For the sake of his brother, Elrond struggled to contain his despair. He knew he must listen to Elros's explanation though he would feel each word as a dagger in his heart.

Elros released his grip and stepped back, looking his brother fully in the eye. "I wish I could explain it," he began. "Ever since I have dwelt among Men I have felt as if I have come home. It simply feels right, as if I fully belong, something I have never truly felt before in all my life. I think you know this, Elrond, don't you." After a long moment, Elrond nodded reluctantly. He did know the truth of his brother's words, much as he wished he could deny them.

"The people of the Edain, my people, whom I have come to love dearly, look to me now to lead them and I greatly desire to do this," Elros continued. "But I would do so properly and completely with my whole being; I have no wish to be merely an Elven figure-head. I now have the chance to be as one of them, to share their hopes and their dreams and to live their lives as they do. I cannot do this if I am destined to remain in Arda until its end. I do not fear death, Elrond. For Men it is just the next stage in their journey and one I would gladly take with them. This choice would bring me the greatest joy, but for the pain of parting from you."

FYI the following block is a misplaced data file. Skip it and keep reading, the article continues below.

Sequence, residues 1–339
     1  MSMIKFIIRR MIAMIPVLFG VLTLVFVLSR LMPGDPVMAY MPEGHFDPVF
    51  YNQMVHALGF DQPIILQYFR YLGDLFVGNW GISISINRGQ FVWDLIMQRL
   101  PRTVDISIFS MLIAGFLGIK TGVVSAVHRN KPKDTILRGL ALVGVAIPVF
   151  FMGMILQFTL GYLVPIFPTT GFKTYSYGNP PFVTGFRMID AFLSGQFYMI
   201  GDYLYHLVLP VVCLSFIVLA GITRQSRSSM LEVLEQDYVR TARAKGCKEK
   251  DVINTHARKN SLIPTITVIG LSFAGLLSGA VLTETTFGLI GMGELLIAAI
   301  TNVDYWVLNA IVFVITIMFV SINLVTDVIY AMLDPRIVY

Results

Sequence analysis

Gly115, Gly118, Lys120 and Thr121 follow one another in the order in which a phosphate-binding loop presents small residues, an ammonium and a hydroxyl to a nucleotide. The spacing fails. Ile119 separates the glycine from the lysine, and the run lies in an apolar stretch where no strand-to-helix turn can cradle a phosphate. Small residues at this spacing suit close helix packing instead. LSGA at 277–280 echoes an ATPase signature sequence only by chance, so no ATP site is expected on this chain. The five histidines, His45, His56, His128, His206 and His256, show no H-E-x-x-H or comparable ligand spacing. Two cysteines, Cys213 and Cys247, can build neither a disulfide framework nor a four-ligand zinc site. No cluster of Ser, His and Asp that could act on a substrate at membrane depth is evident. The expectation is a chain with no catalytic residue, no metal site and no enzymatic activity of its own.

Through his anguish, Elrond slowly began to understand. Much as he felt as if a limb was being ripped from his body, he would be wrong, selfish even, to try to turn Elros from this path. His brother's excitement at the prospect before him was almost tangible.